Spring and summer are widely considered the best time to see waterfalls, and the Southern states have plenty worth seeing. Here are 20 waterfalls found in four Southern states that are worth the drive and will reward you with either a cool swim, a beautiful photo op or both!
20 Southern Waterfalls to Visit
In Smithville, Tennessee, you’ll find beautiful Carmac Falls at the Evins Mill resort. Although this waterfall is on private property, for $25 per person, daytrippers are welcome to come see the falls, enjoy the resort’s outdoor amenities for the day and dine on a picnic lunch prepared by resort staff. Call the inn ahead of time to make a reservation.
Not far from Nashville is Fall Hollow, a stop on the Natchez Trace Parkway with a short trail that takes you to several charming waterfalls, including one that’s perfect for kids to play in. This makes a great day trip out of Music City. Be sure and bring a picnic lunch for added fun.
The Falls of the Fiery Gizzard
The Fiery Gizzard Trail in South Cumberland State Park is widely considered to be one of the top hikes in the nation, but at 12.5 incredibly strenuous miles, it’s definitely not for everyone. Fortunately, you can hike a 1.5-mile loop to see one of the Gizzard’s crown jewels — Foster Falls. This 60-foot waterfall even has a swinging bridge at its base, giving visitors lots of different ways to view it. Check out the park map for the Foster Falls trail. For a longer (though still moderate) hike with even more waterfalls and lots of gorgeous swimming holes, opt for the park’s Grundy Day Loop and take the spur out from it to Sycamore Falls before finishing the loop. This was one of my all-time favorite hikes!
Visitors to Gatlinburg can easily make time for this easy 2.3-mile hike to see Laurel Falls. The trailhead is just a few minutes from town, inside the Great Smoky Mountains National Park. The 80-foot waterfall is well worth the walk, and you might even see some black bears along the way!
Stillhouse Hollow Falls
Located on Highway 43 just north of Summertown, this 75-foot waterfall is an easy .75-mile hike away from the main road. We love visiting this waterfall after an afternoon spent gathering berries at one of the nearby “U-Pick” farms. The dense forest surrounding the falls is always nice and cool, and there are plenty of wading opportunities in the sparkling creek that runs alongside the trail.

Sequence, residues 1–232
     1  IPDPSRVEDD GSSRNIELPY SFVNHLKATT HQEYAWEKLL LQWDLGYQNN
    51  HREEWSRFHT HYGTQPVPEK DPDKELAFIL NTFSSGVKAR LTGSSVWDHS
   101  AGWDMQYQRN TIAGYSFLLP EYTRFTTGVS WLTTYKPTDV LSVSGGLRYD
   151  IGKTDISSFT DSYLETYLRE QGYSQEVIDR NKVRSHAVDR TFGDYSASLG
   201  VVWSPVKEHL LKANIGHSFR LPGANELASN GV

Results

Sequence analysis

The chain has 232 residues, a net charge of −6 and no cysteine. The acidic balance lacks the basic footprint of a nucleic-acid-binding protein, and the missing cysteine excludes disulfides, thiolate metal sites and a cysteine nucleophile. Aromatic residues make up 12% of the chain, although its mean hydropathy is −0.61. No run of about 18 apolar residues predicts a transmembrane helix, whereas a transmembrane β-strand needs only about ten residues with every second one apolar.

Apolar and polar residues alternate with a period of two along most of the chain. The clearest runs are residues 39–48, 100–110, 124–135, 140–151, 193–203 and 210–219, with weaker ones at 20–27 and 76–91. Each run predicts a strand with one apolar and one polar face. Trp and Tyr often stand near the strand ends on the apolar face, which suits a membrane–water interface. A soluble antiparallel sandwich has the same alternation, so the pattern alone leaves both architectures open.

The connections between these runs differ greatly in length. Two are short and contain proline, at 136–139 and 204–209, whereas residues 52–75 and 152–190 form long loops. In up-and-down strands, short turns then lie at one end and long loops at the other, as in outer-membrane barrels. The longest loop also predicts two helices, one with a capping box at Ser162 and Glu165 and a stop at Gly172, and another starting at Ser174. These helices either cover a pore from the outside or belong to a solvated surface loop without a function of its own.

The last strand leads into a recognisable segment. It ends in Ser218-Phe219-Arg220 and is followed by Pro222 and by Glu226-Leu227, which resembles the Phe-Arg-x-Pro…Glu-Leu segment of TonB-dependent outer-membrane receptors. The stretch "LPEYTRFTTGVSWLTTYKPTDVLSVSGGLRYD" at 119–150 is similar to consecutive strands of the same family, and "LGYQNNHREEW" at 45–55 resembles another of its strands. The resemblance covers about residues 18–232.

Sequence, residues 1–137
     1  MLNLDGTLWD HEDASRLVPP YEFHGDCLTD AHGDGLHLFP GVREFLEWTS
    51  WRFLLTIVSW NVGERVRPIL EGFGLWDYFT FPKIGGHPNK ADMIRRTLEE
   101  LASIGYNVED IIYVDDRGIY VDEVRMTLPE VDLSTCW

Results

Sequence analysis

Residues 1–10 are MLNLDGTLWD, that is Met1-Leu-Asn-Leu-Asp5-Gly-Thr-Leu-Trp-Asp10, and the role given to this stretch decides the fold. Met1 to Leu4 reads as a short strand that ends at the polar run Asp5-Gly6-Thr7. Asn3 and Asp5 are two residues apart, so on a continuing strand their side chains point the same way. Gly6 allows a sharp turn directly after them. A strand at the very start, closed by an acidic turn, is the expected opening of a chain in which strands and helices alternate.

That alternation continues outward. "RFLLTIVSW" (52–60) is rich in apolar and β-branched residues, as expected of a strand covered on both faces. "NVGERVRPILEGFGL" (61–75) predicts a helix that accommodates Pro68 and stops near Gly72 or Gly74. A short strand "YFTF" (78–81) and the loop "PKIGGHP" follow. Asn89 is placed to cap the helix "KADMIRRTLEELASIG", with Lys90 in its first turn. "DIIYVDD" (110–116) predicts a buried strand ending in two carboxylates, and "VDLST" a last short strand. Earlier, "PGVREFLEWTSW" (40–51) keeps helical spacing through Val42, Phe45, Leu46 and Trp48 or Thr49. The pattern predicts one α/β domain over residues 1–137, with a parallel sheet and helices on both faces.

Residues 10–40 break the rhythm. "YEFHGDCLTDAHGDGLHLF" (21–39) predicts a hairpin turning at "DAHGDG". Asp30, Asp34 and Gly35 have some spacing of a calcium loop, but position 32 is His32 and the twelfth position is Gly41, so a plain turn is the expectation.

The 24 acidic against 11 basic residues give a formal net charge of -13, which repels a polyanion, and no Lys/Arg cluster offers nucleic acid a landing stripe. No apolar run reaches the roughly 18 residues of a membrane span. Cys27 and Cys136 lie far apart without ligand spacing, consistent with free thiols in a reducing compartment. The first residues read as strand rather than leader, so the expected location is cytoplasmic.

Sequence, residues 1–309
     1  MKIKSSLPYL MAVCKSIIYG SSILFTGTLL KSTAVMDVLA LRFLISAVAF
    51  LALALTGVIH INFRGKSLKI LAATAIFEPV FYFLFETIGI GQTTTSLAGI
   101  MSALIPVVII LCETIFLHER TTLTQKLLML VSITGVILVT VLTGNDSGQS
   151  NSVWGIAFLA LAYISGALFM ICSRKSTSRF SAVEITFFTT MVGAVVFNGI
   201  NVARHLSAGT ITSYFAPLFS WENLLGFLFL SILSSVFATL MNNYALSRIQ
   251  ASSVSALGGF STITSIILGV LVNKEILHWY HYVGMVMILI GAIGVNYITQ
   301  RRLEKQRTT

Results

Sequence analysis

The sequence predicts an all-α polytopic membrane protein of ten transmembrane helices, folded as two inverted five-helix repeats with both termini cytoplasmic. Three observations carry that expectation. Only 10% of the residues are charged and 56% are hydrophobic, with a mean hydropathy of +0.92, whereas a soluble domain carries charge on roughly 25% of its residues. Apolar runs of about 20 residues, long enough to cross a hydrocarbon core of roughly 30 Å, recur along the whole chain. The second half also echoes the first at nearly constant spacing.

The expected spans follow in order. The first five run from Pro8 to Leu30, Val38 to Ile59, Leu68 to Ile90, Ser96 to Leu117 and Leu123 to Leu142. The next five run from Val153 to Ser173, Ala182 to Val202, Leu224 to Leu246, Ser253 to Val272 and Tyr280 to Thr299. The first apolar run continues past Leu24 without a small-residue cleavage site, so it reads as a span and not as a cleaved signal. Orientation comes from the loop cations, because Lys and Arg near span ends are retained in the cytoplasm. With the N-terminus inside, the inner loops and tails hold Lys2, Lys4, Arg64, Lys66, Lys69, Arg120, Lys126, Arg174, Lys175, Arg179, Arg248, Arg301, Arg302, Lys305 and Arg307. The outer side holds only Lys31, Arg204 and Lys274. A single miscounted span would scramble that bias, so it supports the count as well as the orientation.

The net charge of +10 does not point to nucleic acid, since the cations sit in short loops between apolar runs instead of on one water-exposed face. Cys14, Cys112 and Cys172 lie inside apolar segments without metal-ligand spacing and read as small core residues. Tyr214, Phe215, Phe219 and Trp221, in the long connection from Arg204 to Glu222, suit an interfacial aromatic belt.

If you’re headed to Helen or Dahlonega, both towns in Georgia, consider stopping for a hike to DeSoto Falls, named for a helmet found here long ago that was said to have belonged to legendary explorer Hernando DeSoto. A gorgeous two-mile hike through the rhododendron-filled forest will take you to not one, but two scenic waterfalls. Park at the DeSoto Falls Recreation Area for access to the trail.
The tallest waterfall in Georgia is well worth the challenging stair climb it takes to see it. At the top of a series of stairways, a platform across the falls offers a spectacular view and prime Instagram opportunities. Amicalola Falls State Park is one of the most popular parks in Georgia. To avoid crowds, go early or on a weekday.
Anna Ruby Falls
An easy .5-mile paved trail offers access to this stunning double waterfall near Helen, Georgia. To get there, you’ll need to drive through Unicoi State Park to the Anna Ruby Falls Visitors Center. If you’re headed to the falls, you do not need to pay the $3/person admission to Unicoi State Park. Instead, you’ll pay once you arrive at the visitors center. Kids under 16 are free.
Another North Georgia must-see, Tallulah Falls is actually a series of six waterfalls tumbling a total of 1,000 feet into the Tallulah Gorge, one of the most breathtaking canyons in the eastern United States. Hike down to the suspension bridge spanning the gorge 80 feet from the bottom — or get a permit from the Visitors Center and descend all the way to the gorge floor. Tallulah Falls State Park offers several guided hikes each month, including sunset and full-moon hikes. Check the schedule of events before you go.
High Shoals Falls/Blue Hole Falls